Snowpack news

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From the Loveland Reporter-Herald: “Moisture levels in the mountains west of Loveland have declined slightly in the past month, according to readings from the Natural Resources Conservation Service. Readings on Thursday showed only the two highest observation posts in the Big Thompson basin were above seasonal averages for water content. Williow Park, at 10,700 feet, and Bear Lake, at 9,500 feet, were at 102 percent and 110 percent of the 30-year average, respectively. Two other locations, Hidden Valley and Deer Ridge, were at 77 percent and 82 percent of the 30-year average.”

From the Colorado Springs Gazette:

Snowpack in the Arkansas River Basin is 119 percent of the average for this time of year, according to the Natural Resources Conservation Service. In the upper Colorado River Basin, it’s 118 percent.

But at a snow-monitoring station at Glen Cove on Pikes Peak, the snow measured just 0.7 inches Thursday. The peak’s north slope has received about half the normal snowfall, and this week’s warm temperatures melted much of the meager 2.8-inch snow depth measured over the weekend. Wednesday’s average of 51 degrees in Colorado Springs was 18 degrees above normal. “This is kind of the second year in a row where we’ve had poor runoff and poor snowpack on Pikes Peak proper, so the water on Pikes Peak isn’t looking as good,” said Kevin Lusk, water supply engineer for Colorado Springs Utilities. Utilities gets an average of 18,410 acre-feet, about 20 percent of its water, from 10 Pikes Peak reservoirs…

According to Lusk, snowpack in the mountains around Twin Lakes in Lake County is 128 percent of normal. The Blue River system, near Hoosier Pass, is at 100 percent. The Homestake system, in the mountains of southwest Eagle County, is at 130 percent…

Despite the dry winter, the Pikes Peak reservoirs are above average, at 71 percent capacity, compared to a late-February average of 65 percent, which Lusk attributed to the heavy snow elsewhere that allows Utilities to move around water. Utilities’ total water storage is 78 percent of capacity. Lusk said the average for late February is 62 percent. The warm dry weather has made for an early fire season on the plains.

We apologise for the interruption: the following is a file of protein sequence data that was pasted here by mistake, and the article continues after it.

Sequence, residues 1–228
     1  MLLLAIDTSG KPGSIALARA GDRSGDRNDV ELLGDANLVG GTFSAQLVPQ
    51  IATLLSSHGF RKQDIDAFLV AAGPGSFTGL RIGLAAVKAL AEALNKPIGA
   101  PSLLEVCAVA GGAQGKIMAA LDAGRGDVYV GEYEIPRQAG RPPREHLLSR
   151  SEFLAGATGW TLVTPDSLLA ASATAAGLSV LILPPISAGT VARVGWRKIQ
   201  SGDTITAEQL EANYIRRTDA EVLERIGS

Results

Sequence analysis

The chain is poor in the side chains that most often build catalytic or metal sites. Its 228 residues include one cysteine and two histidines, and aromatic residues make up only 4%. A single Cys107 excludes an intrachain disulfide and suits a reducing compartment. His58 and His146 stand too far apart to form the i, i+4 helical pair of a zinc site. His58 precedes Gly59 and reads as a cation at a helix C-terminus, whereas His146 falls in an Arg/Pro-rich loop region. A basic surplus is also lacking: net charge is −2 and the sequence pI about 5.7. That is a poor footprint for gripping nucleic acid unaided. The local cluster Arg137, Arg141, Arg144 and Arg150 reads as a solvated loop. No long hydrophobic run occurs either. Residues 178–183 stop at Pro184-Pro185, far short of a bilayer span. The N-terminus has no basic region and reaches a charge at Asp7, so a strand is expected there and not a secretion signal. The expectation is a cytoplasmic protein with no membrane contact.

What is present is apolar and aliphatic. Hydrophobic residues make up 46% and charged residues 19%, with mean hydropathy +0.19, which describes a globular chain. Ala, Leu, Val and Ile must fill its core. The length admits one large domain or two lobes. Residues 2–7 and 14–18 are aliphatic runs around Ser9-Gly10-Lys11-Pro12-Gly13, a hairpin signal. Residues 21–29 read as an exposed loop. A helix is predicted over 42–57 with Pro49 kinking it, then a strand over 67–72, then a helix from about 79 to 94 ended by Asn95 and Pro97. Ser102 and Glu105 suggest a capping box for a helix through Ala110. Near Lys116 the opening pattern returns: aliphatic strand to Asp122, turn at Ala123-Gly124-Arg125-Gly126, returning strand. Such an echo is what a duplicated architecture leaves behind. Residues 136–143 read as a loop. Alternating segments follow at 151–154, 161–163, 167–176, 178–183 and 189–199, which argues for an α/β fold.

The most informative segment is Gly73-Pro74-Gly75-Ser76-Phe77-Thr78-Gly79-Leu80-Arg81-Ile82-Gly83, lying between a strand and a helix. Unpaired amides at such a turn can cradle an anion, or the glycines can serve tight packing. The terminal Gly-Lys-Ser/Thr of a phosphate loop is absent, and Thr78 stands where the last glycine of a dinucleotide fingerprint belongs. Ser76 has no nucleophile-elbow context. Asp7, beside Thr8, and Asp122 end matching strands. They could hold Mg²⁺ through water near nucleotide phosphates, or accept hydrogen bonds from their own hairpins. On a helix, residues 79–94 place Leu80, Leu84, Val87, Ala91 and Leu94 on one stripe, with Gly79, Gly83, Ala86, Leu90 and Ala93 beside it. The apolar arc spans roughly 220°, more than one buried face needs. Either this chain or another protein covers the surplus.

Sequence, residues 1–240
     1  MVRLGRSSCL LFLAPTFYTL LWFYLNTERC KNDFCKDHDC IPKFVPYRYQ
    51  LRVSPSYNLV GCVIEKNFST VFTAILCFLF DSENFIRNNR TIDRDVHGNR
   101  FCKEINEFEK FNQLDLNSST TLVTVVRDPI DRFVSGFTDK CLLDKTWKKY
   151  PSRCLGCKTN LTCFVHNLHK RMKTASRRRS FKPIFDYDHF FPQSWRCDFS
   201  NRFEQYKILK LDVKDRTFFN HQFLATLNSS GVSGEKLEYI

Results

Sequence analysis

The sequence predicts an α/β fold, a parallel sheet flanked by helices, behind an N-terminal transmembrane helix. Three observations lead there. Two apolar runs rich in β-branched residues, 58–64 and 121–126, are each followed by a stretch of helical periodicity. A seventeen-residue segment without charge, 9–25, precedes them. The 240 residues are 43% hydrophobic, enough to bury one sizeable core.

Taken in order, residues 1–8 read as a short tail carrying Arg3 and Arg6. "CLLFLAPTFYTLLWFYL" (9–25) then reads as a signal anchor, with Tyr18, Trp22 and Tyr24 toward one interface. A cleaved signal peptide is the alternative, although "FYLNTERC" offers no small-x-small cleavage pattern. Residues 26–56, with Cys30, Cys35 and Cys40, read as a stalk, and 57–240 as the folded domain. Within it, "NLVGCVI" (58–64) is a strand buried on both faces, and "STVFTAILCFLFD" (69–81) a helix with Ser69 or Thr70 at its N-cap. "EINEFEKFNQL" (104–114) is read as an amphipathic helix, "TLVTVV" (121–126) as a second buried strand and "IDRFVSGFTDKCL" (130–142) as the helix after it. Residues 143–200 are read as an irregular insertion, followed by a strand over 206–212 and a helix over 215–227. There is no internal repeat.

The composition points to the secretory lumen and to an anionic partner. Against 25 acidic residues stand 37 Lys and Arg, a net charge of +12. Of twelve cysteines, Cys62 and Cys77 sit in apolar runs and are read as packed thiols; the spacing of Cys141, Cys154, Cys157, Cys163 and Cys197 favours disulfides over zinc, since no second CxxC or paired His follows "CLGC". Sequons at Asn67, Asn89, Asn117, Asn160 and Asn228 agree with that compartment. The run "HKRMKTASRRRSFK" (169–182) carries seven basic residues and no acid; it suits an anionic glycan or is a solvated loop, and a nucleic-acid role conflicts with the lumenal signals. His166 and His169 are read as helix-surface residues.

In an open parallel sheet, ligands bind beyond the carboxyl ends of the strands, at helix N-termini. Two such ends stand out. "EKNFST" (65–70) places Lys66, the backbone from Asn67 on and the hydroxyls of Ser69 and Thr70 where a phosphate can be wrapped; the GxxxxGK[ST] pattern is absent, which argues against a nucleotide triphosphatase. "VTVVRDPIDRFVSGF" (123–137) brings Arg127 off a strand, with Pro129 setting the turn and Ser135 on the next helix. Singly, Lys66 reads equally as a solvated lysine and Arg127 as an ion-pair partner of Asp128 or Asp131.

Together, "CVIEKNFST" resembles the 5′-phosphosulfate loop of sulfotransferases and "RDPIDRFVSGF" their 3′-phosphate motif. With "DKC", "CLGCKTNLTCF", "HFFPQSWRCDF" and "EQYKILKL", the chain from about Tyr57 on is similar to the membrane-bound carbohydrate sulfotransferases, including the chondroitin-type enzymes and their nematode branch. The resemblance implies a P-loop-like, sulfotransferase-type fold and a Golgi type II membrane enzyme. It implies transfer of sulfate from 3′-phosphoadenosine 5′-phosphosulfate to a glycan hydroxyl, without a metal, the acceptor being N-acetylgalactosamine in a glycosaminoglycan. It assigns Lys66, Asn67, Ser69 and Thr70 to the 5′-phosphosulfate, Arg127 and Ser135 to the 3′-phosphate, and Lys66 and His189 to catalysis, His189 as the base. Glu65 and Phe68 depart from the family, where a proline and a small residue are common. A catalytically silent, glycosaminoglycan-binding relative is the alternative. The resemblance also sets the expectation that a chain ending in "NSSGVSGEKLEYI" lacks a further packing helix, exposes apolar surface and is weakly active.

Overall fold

According to the National Weather Service, just 11.8 inches of snow have fallen at the Colorado Springs Airport this season, less than half the normal 26.7 inches for this time of year. A red flag fire warning was in effect Thursday for much of southern Colorado, and fire danger was listed as “high” to “very high” in the eastern half of the state.

Southern Delivery System: Springs City Council will decide route

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If Pueblo County ultimately approves a permit for the Southern Delivery System through the county it will be up to the Colorado Springs City Council to decide which route to take for the pipeline, according to a report from Chris Woodka writing for the Pueblo Chieftain. From the article:

Fremont County moved ahead in the process this week when commissioners approved a special use permit. During the meeting Tuesday morning, Pueblo County staff made the call to delay a public hearing three more weeks to give themselves more time to work out details for a 1041 permit.

Colorado Springs still views the Pueblo Dam route as most favorable, but has developed the Fremont County option as its fallback plan. The hearing is now scheduled to resume at 6 p.m. March 18 at the Pueblo County Courthouse. “We’re real pleased with the outcome in Fremont County, and the conditions seem reasonable,” said John Fredell, SDS project director. “We are making progress in Pueblo County, but there are still a lot of things we need to work out. In the end, it will come down to a business decision by our board (the Colorado Springs City Council).” Chief among those are the conditions on Fountain Creek, which would be affected under either plan by increased daily flows of treated wastewater into the creek and runoff from the new development that would be served by SDS in Colorado Springs, Security and Fountain. “On the Pueblo County side, everything centers around the conditions on Fountain Creek,” Fredell said. Fountain Creek impacts are addressed in the environmental impact statement by the Bureau of Reclamation, which looked at the recently formed stormwater enterprise as the primary vehicle for dealing with flows…

Pueblo County staff wants even tighter assurances that if more problems pop up on Fountain Creek, they will be addressed by Colorado Springs and its SDS partners. “We’ve had some meetings and discussed some possible language,” Fredell said…

Other than the Fountain Creek issue, which Fredell is optimistic would be addressed with either route, Colorado Springs has taken pains to offer the same sorts of things to both counties, Fredell said. Issues like revegetation, noise control, dust control, roads and easements are treated the same in both counties, with some of the same conditions Pueblo staff wants already included as commitments referenced in Fremont County’s permit.

More Coyote Gulch coverage here and here.